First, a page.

At the end of July 2011, we launched our ebook, titled “50 Essential Skills Every Teen Must Have.” It’s completely free, and you can pick up your copy (if you haven’t already gotten it) on our ebook page.

2 Important Actions You Can Take to Stay Safe this Summer

As always, click the image to zoom

As teens, we supposedly have bad judgement. I say that’s not true; I even went so far as to permanently tattoo ‘Teens hav good brainz’ to the bottom of my foot in neon pink ink in protest.

If that is true, though, that means we are never totally safe. But that doesn’t mean we can’t be safer than we already are. For example, are you wearing a seat belt right now? What about a crash helmet? I don’t care that you’re sitting at your computer; you can always be safer.

And so, in the interest of keeping you safe so you can read this blog and promote it to your friends and spray paint it onto the side of your house, I’ve decided to bring you some safety tips.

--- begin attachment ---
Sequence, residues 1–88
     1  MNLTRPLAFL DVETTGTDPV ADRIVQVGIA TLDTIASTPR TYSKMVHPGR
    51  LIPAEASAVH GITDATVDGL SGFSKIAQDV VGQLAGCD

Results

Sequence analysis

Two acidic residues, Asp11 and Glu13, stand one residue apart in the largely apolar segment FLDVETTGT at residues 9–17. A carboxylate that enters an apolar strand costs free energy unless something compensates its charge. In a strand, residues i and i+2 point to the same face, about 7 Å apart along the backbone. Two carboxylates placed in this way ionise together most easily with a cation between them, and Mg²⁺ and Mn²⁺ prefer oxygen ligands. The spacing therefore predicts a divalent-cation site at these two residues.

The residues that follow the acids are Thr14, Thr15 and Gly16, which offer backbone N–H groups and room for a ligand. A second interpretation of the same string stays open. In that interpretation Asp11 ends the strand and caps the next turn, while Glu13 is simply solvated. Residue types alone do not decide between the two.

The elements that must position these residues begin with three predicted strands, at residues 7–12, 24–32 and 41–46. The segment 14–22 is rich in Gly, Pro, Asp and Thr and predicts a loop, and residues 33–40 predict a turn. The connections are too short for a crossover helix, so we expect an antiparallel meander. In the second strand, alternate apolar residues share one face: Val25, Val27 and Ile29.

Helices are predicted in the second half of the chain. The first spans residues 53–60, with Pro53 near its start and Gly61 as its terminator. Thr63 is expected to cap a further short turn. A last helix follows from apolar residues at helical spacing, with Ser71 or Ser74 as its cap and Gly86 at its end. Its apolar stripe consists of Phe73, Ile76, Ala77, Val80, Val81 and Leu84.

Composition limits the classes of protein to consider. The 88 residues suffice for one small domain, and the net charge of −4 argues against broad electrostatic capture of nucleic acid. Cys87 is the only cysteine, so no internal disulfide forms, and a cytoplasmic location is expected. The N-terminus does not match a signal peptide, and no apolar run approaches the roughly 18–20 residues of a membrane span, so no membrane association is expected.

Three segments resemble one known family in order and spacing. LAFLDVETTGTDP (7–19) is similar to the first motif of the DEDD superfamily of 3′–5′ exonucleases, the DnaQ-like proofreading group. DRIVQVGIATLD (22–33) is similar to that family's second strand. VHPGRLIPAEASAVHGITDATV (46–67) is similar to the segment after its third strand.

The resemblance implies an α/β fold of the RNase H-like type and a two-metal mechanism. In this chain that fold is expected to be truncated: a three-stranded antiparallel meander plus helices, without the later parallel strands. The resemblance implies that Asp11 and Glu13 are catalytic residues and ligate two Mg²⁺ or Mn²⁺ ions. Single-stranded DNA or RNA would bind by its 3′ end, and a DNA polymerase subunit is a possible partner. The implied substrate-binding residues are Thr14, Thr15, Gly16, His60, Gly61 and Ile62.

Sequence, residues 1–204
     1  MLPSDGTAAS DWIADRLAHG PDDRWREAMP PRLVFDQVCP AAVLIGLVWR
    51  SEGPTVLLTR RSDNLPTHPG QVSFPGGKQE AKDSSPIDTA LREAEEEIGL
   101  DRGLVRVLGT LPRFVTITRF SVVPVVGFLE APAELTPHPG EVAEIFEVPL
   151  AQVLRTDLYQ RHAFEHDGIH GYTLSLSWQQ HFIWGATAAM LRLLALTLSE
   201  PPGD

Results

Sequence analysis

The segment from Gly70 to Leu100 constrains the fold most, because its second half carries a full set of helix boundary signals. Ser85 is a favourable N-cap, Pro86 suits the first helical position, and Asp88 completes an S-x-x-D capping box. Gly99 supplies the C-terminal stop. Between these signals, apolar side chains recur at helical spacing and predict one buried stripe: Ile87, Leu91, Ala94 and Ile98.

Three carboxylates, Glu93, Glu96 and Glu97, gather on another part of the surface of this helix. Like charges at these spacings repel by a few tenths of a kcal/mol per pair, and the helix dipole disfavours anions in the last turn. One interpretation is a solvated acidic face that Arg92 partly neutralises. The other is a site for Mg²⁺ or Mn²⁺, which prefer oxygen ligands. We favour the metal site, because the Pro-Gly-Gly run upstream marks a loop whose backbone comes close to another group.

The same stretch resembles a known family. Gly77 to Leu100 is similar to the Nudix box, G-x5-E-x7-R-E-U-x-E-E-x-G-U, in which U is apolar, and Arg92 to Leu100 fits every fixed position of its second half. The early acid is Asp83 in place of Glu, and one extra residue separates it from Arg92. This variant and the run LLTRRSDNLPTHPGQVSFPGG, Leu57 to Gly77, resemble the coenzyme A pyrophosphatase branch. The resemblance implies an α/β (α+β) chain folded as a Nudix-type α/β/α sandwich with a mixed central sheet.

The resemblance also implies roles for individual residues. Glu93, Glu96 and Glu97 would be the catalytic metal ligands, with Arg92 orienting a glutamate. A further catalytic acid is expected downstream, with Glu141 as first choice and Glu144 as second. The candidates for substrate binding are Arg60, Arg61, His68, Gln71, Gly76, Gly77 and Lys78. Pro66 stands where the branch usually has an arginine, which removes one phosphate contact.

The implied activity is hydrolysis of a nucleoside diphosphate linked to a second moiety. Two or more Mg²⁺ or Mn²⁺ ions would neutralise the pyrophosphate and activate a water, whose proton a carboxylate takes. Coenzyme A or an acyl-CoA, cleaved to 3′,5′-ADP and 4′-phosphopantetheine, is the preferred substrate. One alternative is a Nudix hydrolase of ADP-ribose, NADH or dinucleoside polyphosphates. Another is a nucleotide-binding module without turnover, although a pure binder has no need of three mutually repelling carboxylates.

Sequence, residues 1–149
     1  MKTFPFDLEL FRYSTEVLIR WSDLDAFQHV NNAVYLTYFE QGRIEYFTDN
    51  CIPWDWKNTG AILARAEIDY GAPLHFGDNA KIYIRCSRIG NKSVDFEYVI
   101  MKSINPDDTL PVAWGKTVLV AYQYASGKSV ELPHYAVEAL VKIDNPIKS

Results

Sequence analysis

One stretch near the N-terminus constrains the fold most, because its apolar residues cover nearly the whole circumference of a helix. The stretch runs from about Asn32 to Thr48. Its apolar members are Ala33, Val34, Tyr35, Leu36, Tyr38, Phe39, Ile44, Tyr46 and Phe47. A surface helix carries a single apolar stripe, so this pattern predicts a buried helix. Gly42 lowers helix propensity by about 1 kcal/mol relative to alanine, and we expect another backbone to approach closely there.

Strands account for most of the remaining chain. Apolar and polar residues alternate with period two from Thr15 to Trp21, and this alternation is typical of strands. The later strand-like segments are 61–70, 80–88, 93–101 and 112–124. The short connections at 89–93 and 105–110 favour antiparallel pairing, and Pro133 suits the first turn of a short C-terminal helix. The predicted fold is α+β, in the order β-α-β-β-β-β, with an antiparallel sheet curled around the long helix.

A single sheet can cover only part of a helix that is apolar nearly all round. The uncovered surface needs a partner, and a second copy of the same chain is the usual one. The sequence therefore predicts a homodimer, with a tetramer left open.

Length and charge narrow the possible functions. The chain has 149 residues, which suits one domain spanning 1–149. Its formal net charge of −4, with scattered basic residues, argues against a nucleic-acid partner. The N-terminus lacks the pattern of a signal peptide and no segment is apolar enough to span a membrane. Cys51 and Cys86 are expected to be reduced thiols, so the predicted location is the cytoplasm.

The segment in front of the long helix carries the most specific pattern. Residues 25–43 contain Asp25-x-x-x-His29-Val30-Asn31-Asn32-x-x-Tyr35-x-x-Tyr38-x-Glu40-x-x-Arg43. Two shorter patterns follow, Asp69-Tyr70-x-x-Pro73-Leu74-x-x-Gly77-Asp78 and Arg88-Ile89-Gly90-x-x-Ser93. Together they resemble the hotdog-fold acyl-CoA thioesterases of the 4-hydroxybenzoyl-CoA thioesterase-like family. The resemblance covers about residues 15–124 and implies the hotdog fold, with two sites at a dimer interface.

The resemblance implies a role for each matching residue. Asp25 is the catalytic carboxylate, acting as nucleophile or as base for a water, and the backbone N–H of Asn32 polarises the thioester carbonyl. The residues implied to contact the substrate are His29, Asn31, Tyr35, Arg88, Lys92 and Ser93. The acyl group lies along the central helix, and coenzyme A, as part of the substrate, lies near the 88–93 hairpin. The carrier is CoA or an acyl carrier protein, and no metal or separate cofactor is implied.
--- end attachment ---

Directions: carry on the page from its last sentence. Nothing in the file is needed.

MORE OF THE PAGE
Now, these aren’t just average safety tips. You won’t hear about “don’t talk to strangers*” or “don’t take candy from strangers.” No, these safety tips cover the important summer things: the life or death situations.

*Interestingly enough, most strangers have forgotten how to have a conversation because nobody ever talks to them. So you probably don’t need to worry. And, if you find a stranger who can still talk, ask him for some candy; for the same reason, most strangers’ pockets are practically overflowing with candy.

Disclaimer: this being a humor blog, you should always take anything we say with a grain of salt. Including when we tell you to take our advice with a grain of salt. And that last sentence, also, where we are telling you to take our advice of taking what we say with a grain of salt with a grain of salt. Look, just go drink/eat a saltshaker and you’ll be fine, okay?

Use that Sunscreen

Why is this important? Well, as you probably know, there is this thing called skin cancer. And even though your water bottle, computer, cell phone, food, toothpaste, science class, and bar of uranium that you keep in your closet just in case may also give you various cancers, by putting on sunscreen you can hopefully avoid skin cancer.